Nate Phelps, son of Westboro Barptist Church founder Fred Phelps
Nate Phelps

The pastor of the much-reviled Westboro Baptist Church, Fred Phelps, has died at age 84. Phelps' message became synonymous with hatred. The pastor and his family made it a point to carry signs at funerals saying, “Thank God for Dead Soldiers.” They showed up to events with signs that read, “God Hates Fags.”

Nate Phelps is the sixth of Fred’s 13 children. He describes his father as verbally and physically abusive. When he was 18, Nate ran away from home and from religion.

In recent years Nate found himself publicly squaring off with his father and siblings to reverse their legacy of intolerance. He lives in Calgary, Canada, where he has become a public speaker who champions LGBT rights and raises awareness about the connection between extreme religion and child abuse. He is currently writing a book about his life and is the subject of an upcoming documentary. He spoke with Dick Gordon in 2012. The story, "Son of a Bigot," was featured on

Listen to Nate Phelps' conversation with Dick Gordon from 2012:

Here are some highlights of the conversation:

What was your childhood like?

Sweet Tea: Black Gay Men Of The South / Sweet Tea The Play

Television shows like Glee, Will and Grace, and Modern Family portray gay identity as white, northern, and secular. But that was far from E. Patrick Johnson's reality growing up in Hickory, North Carolina. Johnson decided to travel across the South to unearth stories of African American gay men and document his findings in the book Sweet Tea: Gay Black Men of the South (UNC Press/2008).

Yoruba Richen a director, producer, and writer of 'The New Black.'
Luke Rattray


In November 2008, Barack Obama was elected president of the United States. That same night, Proposition 8 was passed in California, banning gay marriage in the state. 

Obama won by an astounding 24 points in California, leading some to ask if the mobilization of black voters was the critical factor in the passage of Proposition 8. 

North Carolina Central University
NC Central

A Lesbian, Gay, Bisexual, Transgender and Ally Center recently opened on the North Carolina Central University campus. School officials say the goal of the facility is to establish a safer and more inclusive environment for all students. Tia Marie Doxey, Director of Student Life Assessment at the university,  says there have been some emotional moments there so far.

Nikita Gale is the current artist in residence at Elsewhere.
Nikita Gale

Greensboro’s self-defined “living museum” and art space, Elsewhere, has several new projects in store this summer.

This spring, the space launched one of its newest endeavors entitled “Southern Constellations.” The project attempts to bring together a network of experimental multimedia artists from around the south into Elsewhere’s creative space.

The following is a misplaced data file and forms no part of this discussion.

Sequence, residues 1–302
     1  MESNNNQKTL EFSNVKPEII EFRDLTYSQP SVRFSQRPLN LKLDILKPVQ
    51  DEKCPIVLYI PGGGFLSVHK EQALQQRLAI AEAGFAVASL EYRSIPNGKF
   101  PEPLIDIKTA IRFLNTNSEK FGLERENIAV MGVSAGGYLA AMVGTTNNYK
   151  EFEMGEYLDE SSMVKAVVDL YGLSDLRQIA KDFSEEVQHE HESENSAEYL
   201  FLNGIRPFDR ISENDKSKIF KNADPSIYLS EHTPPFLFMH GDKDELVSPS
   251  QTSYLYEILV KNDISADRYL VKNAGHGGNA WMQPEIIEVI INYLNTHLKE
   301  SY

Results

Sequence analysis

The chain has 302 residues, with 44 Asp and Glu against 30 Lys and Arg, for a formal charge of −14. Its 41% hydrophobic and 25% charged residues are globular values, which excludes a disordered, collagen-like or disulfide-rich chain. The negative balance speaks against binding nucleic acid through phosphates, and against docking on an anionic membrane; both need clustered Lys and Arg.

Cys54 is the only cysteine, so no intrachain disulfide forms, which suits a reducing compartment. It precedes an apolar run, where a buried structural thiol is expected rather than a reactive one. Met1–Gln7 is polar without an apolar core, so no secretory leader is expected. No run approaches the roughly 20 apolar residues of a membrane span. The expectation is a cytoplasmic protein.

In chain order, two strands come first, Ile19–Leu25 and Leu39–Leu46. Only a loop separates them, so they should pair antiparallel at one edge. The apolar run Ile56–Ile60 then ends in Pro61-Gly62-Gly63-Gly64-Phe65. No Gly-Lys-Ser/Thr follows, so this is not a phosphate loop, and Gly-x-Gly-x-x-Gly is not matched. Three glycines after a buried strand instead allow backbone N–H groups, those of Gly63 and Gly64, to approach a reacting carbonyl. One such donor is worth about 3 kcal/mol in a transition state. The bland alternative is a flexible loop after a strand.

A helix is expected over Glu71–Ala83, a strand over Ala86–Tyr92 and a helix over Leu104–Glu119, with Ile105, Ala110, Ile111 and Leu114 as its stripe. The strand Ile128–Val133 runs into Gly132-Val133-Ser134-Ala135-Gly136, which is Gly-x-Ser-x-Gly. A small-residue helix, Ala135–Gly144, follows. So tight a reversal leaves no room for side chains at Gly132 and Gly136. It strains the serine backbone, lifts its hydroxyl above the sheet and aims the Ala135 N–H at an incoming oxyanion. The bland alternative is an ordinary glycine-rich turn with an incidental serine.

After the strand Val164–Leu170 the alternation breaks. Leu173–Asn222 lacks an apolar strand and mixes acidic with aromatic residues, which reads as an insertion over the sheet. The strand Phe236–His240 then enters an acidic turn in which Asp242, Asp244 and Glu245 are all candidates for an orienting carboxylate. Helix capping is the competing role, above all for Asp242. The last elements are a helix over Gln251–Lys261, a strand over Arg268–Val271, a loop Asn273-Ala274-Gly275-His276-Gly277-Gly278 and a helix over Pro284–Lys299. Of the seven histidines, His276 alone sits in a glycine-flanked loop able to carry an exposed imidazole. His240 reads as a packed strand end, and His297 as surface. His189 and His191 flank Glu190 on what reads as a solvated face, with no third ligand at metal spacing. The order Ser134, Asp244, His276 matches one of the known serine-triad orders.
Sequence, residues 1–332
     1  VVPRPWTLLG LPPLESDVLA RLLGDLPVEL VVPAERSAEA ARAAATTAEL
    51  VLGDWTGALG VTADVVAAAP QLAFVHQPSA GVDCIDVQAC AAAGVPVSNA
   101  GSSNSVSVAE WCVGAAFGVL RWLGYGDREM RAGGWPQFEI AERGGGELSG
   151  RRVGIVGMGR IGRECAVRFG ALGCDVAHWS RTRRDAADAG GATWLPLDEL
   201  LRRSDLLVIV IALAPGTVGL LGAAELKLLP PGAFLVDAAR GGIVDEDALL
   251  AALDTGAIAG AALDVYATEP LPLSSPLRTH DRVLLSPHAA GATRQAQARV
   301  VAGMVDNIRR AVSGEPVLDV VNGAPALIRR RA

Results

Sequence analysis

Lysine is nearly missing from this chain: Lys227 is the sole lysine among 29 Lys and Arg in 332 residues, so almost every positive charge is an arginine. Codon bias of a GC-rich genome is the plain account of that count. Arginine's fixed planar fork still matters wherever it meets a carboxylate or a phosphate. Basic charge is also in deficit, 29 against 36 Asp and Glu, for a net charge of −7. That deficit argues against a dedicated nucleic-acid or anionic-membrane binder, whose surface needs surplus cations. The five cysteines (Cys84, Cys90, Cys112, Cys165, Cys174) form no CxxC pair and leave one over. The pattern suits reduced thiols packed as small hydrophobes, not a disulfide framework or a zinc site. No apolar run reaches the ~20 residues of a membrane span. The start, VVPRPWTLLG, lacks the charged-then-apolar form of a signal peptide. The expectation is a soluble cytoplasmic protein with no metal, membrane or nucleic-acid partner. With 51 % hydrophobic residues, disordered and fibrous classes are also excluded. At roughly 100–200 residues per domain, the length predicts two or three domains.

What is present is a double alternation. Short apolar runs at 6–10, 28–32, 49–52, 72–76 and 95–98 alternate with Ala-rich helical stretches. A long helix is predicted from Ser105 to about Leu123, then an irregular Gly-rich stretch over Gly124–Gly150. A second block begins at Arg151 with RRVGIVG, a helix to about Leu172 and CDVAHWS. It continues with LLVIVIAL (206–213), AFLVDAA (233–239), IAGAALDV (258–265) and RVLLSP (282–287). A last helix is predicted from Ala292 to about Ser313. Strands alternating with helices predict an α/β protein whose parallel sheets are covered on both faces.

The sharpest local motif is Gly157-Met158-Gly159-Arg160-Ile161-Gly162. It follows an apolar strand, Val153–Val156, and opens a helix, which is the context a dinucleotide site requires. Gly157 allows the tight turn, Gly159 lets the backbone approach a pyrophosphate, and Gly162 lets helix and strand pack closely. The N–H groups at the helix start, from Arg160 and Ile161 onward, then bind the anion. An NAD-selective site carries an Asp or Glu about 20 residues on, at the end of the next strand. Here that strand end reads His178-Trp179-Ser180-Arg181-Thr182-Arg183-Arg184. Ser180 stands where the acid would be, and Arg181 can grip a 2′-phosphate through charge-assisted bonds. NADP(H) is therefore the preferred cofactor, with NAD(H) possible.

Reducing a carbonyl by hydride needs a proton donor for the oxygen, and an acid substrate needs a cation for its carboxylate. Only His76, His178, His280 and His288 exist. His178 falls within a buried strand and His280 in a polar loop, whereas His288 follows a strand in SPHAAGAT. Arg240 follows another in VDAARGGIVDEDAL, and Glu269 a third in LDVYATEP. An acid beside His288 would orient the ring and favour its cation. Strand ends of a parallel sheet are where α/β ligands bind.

A man waves a flag in support of gay rights in front of the Supreme Court building.
Victoria Pickering via Flickr, Creative Commons

Yesterday's ruling on same sex marriage by the US Supreme Court does not open the door for gay marriages in North Carolina. The court ruled individual states can continue to decide whether they will allow same sex marriage. Last year, voters in North Carolina added Amendment One to the state constitution defining marriage as between a man and a woman.

So, while gay rights activists across the country celebrated the rulings this week, the gay community in North Carolina faced a different scenario – they're happy for gays across the country, but still can’t get married in their home state.


Aug 8, 2012

The emergence of punk music marked an anarchic change in the sound of rock during the 1980s, and Billy Ingram was there to document its rise.

He was a writer for a gay publication covering the Los Angeles music scene, and he had a front-row seat to a revolution in rock. At the same time, Ingram was coming into his own as a gay man covering punk culture, which he found less-than-friendly toward homosexuals. Ingram joins host Frank Stasio to talk about his experiences as documented in new book, "Punk" (TVParty/2012).

Macky Alston's new documentary film, "Love Free or Die," follows Bishop Gene Robinson, the first openly gay bishop in the Episcopal Church. Though the movie is about Robinson’s struggle to be accepted within the church, it’s inspired by the filmmakers’ experience as a gay man who was brought up in a religious family in North Carolina.

The University of North Carolina at Greensboro is hosting a national conference on girls and women in sports.

The three day event will feature speakers from around the country. Presenters will discuss practices for encouraging girls to be physically active, myths about muscles and strength for females in sports, and the role of nutrition before and after physical activity.